Tuesday, March 07, 2006

The South Dakota Abortion Ban.

South Dakota Tries to Ban Abortion.


Obviously this is pretty much old news. But it's fairly big old news, so I figured I should "report" it and post some links on the subject.

How Appealing has a good compilation post already with all the details you really need. The short story is that South Dakota has passed a LAW which effectively bans all abortion in the state of South Dakota, unless performed to save the life of the mother. The law makes it a criminal offense for which the doctor (but not the "recipient") can be punished. People on both sides of the abortion debate have gotten fired up about this.

But before anyone gets too excited, everyone should stop and take a deep breath. The most likely impact of South Dakota challenging Roe v. Wade? Probably nothing. Why, you ask?
Well, because right now there aren't enough votes to overturn Roe at the U.S. Supreme Court (unless Kennedy for some reason drifts to the right on the issue). So the most likely scenario is that somebody will file a challenge to the law, the courts, bound by the precedent of Roe, will strike the law down, and it will never take effect. At this point it is highly unlikely that the Supreme Court would have any interest in hearing an appeal from the court decisions striking the law, either.

"I'd actually be surprised if this ever reaches the [Supreme] Court," said John McGinnis, a constitutional law professor at Northwestern University. "My prediction is the lower courts will find this an easy case and strike it down. [The Supreme Court] could choose to hear the case or not, and I don't think it's going to."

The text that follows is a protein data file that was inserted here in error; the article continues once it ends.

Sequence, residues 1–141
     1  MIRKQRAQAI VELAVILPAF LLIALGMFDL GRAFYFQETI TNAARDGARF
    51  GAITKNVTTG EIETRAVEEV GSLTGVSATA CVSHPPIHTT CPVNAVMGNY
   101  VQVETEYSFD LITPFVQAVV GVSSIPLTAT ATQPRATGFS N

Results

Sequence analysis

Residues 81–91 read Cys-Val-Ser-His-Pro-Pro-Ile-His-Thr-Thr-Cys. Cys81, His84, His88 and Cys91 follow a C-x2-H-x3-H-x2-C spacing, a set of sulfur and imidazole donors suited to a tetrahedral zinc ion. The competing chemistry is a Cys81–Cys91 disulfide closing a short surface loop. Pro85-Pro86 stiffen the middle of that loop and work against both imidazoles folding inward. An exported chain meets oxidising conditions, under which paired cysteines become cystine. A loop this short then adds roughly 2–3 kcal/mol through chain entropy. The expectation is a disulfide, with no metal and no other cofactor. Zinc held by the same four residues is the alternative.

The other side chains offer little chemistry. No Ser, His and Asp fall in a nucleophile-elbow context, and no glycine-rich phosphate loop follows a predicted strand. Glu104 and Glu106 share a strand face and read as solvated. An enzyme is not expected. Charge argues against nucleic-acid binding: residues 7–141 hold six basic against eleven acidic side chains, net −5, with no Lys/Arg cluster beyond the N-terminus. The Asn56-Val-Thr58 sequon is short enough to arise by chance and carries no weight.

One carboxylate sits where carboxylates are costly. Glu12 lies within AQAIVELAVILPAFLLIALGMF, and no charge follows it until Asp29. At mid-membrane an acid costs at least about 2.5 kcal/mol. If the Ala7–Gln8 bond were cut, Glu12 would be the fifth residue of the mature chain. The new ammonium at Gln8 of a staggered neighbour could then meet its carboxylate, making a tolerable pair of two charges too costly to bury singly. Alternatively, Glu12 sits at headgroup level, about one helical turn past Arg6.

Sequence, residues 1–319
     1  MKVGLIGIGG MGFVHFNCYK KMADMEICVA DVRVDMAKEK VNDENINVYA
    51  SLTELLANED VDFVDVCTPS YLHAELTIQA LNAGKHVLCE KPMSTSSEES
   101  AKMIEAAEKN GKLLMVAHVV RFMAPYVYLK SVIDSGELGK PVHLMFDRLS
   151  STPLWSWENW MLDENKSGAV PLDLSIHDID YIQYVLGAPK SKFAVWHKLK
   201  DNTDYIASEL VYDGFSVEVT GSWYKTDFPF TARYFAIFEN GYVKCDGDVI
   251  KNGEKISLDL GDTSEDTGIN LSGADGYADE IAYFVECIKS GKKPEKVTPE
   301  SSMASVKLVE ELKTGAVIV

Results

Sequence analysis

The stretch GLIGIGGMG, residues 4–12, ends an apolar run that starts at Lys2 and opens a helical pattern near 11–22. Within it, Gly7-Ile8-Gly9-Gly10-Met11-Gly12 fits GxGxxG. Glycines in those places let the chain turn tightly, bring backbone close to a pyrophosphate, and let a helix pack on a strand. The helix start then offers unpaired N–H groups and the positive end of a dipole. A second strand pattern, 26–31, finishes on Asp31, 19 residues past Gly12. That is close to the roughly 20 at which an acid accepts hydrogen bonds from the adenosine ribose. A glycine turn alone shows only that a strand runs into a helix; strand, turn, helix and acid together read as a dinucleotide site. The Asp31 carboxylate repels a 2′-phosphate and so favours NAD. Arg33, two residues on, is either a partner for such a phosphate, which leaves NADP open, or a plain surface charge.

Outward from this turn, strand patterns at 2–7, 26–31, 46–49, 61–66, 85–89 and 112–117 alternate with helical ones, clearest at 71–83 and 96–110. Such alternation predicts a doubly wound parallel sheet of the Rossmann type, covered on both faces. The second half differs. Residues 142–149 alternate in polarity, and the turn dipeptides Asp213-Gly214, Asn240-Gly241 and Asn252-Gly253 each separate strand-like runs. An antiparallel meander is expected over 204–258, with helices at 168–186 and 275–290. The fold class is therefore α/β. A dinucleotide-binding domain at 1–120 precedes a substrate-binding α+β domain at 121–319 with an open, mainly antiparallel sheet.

Harold Krent, a dean and constitutional law professor at Chicago-Kent College of Law, agreed there's "no guarantee" of a high-court review.

South Dakota's legislature set July 1 as the date for the law to take effect, but Krent anticipates a court order will stop that because "on its face, the statute looks inconsistent with prior constitutional rulings protecting a woman's right to choose."

The only scenario in which it seems likely that South Dakota's ban ever reaches the Supreme Court and actually manifests as a viable challenge to Roe is if the case takes long enough to get through the lower courts that another SCOTUS Justice leaves the bench and is replaced; and then it would have to be one of the current five Justices who favor keeping abortion legal. While this is not impossible, it is unlikely. Instead, what's probably really going on is that the South Dakota legislators and Governor saw an opportunity to make some political capital by taking this "bold" (though ultimately meaningless) step, and challengers to Roe will simply have to try it all over again at some later point.

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